Want to know your customer? Then make sure you understand the labour market.

A transformed labour market…

The scale of change in the UK labour market has confounded economists in recent years. Between 2010 and 2014, the UK created over 1.4m jobs, and today both the number of jobs and the participation rate in the labour market are at record highs. However, it is not just the volume of employment that has changed in the last few years. The transformation of the labour market has been wide-ranging and of such a scale to change the consumer market. Consumer oriented companies need to be aware of the impact of the UK’s new labour market on their customers.

…driven by labour supply…

The growth in jobs has been based to a large extent on an increase in labour supply. The scale of immigration into the UK captures the headlines and, as a result, the EU requirement for free movement of labour has become a key element of the negotiations in advance of a referendum on the UK’s membership of the EU. But migration was not the main driver of labour supply growth from 2010 to 2014. The increase in the number of people working to an older age than previously was the most significant driver of growth in the number of people in the workforce. People aged over 65 in work increased from 676,000 in 2008 to 1.2m in late-2015,  an unprecedented increase reflecting changes to pensions, the impact of anti-age discrimination legislation and improved health.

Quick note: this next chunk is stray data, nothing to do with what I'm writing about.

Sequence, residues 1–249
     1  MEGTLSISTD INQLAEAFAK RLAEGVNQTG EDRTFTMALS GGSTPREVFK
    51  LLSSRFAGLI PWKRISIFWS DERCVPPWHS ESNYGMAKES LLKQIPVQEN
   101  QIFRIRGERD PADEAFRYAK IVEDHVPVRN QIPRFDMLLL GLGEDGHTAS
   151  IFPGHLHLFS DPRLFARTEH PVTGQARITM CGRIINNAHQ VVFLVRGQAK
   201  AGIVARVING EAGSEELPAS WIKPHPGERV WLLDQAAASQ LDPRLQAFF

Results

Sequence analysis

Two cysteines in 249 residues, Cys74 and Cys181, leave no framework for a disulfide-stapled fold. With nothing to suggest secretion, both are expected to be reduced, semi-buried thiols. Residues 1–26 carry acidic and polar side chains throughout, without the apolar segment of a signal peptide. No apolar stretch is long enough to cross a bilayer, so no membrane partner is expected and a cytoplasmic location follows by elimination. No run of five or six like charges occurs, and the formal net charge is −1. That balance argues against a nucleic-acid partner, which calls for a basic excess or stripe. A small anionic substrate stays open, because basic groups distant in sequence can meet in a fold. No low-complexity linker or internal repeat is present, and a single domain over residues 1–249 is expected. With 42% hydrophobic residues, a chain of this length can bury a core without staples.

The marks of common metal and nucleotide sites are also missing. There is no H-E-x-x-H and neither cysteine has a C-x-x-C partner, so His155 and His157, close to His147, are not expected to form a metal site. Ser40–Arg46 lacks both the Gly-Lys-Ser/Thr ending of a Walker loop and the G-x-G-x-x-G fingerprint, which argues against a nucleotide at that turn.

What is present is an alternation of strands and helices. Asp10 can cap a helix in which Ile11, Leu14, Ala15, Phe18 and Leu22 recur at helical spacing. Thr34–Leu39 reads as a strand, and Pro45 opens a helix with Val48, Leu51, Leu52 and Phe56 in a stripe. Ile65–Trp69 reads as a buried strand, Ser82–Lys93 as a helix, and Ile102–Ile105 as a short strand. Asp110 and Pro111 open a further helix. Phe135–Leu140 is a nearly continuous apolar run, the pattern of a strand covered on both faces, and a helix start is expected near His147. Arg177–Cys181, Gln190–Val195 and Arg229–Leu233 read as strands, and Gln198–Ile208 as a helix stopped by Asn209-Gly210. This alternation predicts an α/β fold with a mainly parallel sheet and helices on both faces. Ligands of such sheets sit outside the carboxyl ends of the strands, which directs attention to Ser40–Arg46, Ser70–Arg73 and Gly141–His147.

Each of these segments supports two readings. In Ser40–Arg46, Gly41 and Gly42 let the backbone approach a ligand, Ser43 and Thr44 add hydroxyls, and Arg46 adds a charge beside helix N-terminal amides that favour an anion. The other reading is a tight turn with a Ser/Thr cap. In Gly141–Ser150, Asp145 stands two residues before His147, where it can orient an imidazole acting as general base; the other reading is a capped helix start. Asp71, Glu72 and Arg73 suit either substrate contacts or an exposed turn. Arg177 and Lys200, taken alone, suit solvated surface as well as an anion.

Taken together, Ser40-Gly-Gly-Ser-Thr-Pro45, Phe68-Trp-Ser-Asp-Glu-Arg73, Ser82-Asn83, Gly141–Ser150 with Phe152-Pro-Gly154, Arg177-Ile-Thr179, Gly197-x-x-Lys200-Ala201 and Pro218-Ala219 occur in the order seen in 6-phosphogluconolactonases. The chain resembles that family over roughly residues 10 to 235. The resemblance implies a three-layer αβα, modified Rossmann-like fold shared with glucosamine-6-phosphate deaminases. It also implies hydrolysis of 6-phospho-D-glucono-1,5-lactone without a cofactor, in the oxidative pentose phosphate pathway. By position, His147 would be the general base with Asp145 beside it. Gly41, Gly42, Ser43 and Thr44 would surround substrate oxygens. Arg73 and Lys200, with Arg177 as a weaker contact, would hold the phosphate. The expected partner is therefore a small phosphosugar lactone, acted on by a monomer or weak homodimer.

…rather than an increase in pay…

However, this growth in employment has not translated into an equivalent growth in real wages. Between 2009 and 2014, growth in weekly earnings averaged just 1.4%, significantly below pre-crisis rates of growth. There was an increase in the annual rate of increase to 3.3% in May 2015, but this fell back to 2% by the end of 2015. In effect, unemployment is now back to the average observed between 2001 and 2007, but wage growth is only running at half the 4% recorded over that period.



The increase in labour supply cited above is one reason for lower than expected growth in wages, given the UK’s strong growth in employment, but a number of other theories have also been advanced. These include:

  • The weakening of the trades unions with an associated reduction in employee bargaining power;
  • The recognition by workers of the severity of the financial crisis, leading them to value employment over growth in living standards;
  • The flexible nature of the UK labour market which has led to higher number of self-employed and part-time workers with people willing to take whatever employment is on offer;
  • Increased costs on employers such as NI and pensions, limiting the resources available for pay rises; and

It is also possible, looking at the high average margins earned in recent years, that employers have chosen to take advantage of these labour market conditions and prioritise profitability ahead of pay rises.

In addition to the effects described above, the EY ITEM Club also suggest, drawing on Bank of England research, that changes in the composition of the workforce, including a shift to lower-skilled and lower paid jobs, may be depressing wage growth currently by 1% per annum.


…with little sign of any change.